Hamilton and Beyond

Last night I watched the play Hamilton on the Disney Channel. I have wanted to see this production since it came out four years ago, but never made it to a theater near me.

There is something about live performances that is nothing like a movie or a video or a string of pictures. It’s something fresh and raw. You share the energy directly with the actors; you don’t have an editor cutting out mistakes or miscues like in the movie world. You are right there with every breath they take. Every tear they hide.

This performance was amazing.

That is the first word that comes to mind when I think of the performance.

Amazing.

What is more amazing is that Lin-Manuel Mandala did it all. The music, the lyrics, the dialogue.

Every now and then you come across someone who is classified as a genius in their special field. Newton. Einstein. Currie. Plato. Aristotle. People who were able to think “out of the box.” So much so that they are the best of the best in their field.

I cannot judge if Lin-Manuel is in the same category as Einstein, but his creativity provided two hours of magic. Rapping, dialogue, story line, music — a magical explosion of creativity.

We are all genuises in our own way. Every time you create some sort of art you are expanding and changing reality to fit your own personal vision. Sometimes, if you are lucky enough, you pop through the ceiling and find a way to share your talent with the world on a massive scale. Lin-Manuel certainly did.

But if you can’t pop through that almost impermeable ceiling,  should you just give up and go back to your day job?

What if your creativity is your day job?

What I have seen, through all my years, all my desires and dreams, is that you just have to keep being you. You have to push yourself, both creatively and socially. You want to get more people to view your work — work on it. Want to move forward on the tract of notoriety? Work on it.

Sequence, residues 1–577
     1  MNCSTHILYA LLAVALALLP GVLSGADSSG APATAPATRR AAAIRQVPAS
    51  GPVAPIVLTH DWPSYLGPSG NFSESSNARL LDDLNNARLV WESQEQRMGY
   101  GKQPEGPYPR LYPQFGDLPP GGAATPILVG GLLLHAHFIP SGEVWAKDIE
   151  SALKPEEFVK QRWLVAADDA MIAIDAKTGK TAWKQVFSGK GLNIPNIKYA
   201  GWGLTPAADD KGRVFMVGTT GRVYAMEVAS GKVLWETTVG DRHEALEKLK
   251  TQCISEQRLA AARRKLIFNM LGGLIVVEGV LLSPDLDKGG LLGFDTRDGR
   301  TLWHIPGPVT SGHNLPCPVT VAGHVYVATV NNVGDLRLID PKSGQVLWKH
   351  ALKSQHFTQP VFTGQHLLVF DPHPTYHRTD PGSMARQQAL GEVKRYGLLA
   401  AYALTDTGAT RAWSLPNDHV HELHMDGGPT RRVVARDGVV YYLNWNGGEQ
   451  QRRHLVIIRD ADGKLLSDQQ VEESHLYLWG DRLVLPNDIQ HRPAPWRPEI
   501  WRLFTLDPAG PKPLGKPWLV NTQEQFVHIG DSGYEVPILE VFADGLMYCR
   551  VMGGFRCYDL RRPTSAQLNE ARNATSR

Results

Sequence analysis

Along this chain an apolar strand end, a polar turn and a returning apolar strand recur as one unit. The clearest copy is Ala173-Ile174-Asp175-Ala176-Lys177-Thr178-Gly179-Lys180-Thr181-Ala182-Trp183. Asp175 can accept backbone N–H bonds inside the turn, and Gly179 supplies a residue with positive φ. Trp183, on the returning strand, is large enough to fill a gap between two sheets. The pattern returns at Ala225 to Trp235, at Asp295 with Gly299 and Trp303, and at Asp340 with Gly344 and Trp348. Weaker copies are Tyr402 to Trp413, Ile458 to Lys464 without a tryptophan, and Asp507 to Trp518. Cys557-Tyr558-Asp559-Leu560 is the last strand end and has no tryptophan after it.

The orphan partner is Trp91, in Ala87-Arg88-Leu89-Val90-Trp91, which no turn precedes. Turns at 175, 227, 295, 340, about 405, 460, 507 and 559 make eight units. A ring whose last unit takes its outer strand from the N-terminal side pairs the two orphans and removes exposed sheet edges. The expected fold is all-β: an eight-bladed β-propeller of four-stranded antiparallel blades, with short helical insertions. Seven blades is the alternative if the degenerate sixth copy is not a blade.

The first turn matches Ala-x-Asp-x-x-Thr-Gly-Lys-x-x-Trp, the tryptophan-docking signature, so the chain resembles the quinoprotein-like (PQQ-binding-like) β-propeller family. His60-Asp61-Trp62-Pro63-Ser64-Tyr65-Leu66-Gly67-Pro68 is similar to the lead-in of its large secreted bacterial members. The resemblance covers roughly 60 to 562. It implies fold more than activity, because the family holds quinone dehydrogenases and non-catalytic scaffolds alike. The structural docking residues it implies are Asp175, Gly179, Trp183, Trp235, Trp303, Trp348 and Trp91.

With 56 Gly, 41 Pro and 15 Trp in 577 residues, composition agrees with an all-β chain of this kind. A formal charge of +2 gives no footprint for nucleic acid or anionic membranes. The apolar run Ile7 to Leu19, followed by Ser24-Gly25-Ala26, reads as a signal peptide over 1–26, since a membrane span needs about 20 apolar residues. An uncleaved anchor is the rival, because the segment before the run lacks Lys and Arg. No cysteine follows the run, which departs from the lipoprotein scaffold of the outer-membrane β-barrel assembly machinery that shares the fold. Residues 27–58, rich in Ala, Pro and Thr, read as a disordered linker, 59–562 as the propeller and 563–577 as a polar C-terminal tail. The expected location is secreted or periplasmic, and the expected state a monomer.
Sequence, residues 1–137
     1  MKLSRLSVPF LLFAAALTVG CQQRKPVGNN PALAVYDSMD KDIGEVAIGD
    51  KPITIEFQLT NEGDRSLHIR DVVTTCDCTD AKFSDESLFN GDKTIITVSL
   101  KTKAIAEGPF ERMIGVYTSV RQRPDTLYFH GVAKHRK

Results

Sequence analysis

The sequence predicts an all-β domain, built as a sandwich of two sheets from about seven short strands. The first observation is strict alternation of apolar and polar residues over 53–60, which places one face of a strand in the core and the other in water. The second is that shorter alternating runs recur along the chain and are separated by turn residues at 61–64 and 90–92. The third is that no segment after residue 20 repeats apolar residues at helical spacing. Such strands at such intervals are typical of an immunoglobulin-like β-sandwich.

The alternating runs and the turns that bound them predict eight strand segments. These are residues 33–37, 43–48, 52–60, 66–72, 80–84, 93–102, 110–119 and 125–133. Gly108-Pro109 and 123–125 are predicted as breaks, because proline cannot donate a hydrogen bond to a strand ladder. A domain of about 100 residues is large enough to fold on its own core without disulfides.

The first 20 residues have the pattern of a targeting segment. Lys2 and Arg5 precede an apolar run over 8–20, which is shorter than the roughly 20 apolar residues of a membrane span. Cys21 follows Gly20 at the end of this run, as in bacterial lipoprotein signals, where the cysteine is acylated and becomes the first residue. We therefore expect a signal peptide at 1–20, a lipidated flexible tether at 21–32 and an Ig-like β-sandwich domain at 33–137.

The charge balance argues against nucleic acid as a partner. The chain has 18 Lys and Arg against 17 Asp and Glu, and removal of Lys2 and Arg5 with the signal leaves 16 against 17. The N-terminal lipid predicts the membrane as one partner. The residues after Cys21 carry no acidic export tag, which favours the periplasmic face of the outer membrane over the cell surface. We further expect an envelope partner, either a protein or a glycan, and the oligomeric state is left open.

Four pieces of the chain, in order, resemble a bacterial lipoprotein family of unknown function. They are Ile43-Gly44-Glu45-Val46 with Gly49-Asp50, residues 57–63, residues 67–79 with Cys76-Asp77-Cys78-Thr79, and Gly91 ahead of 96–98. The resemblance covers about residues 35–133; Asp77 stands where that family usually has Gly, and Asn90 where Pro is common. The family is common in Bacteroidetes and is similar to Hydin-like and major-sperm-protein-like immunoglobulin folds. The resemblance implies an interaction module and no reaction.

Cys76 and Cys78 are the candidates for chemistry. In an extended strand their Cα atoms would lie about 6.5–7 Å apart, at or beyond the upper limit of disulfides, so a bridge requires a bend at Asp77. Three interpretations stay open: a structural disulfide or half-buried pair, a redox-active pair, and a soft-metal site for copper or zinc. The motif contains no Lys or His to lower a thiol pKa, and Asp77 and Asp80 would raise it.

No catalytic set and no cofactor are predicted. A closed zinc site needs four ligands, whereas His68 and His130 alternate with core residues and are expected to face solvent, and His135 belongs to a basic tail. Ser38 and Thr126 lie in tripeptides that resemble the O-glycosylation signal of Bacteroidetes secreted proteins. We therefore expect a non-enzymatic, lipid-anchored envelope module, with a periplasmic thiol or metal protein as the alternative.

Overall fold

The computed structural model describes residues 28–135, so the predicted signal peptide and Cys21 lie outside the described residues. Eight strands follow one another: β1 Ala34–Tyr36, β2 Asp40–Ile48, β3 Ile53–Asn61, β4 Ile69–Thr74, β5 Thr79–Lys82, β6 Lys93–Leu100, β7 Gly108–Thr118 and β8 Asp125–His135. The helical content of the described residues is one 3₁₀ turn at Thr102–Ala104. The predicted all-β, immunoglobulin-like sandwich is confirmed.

Fame doesn’t just walk in the door and say “let’s go.” It may knock and run, pass your door completely, or say “I’ll be back later.”  You have to work hard no matter what comes your way. Work hard to improve, to diversify, to perfect your craft.

And enjoy what you do every day you do it.

It took Lin-Manuel Mandala seven years to write Hamilton. He worked hard, created hard. He crossed the barrier from creative sprite to genius. Maybe you can, maybe you can’t. But never give up. Give your art all you have.

Einstein will be proud.

 

 

Four Points in Black and White

success_failureContrary to what philosophers and psychologists think, life is really black or white.

Success or failure.

You can’t “almost” win a football game. You can’t “almost” get published. You either win the game or you don’t. You either get published or you don’t.

Yes, there are ever-increasing varieties of gray and cadet blue floating around between the two, allowing us to find a comfortable medium, but the reality is, as my friend Yoda says, “Do or Do Not. There Is No Try.”

This kind of cold reality does little to boost waivering egos. From kindergarten soccer players to ACT test takers, the world’s pressure to be a winner vs. a loser makes the grey evening darker and more obtuse.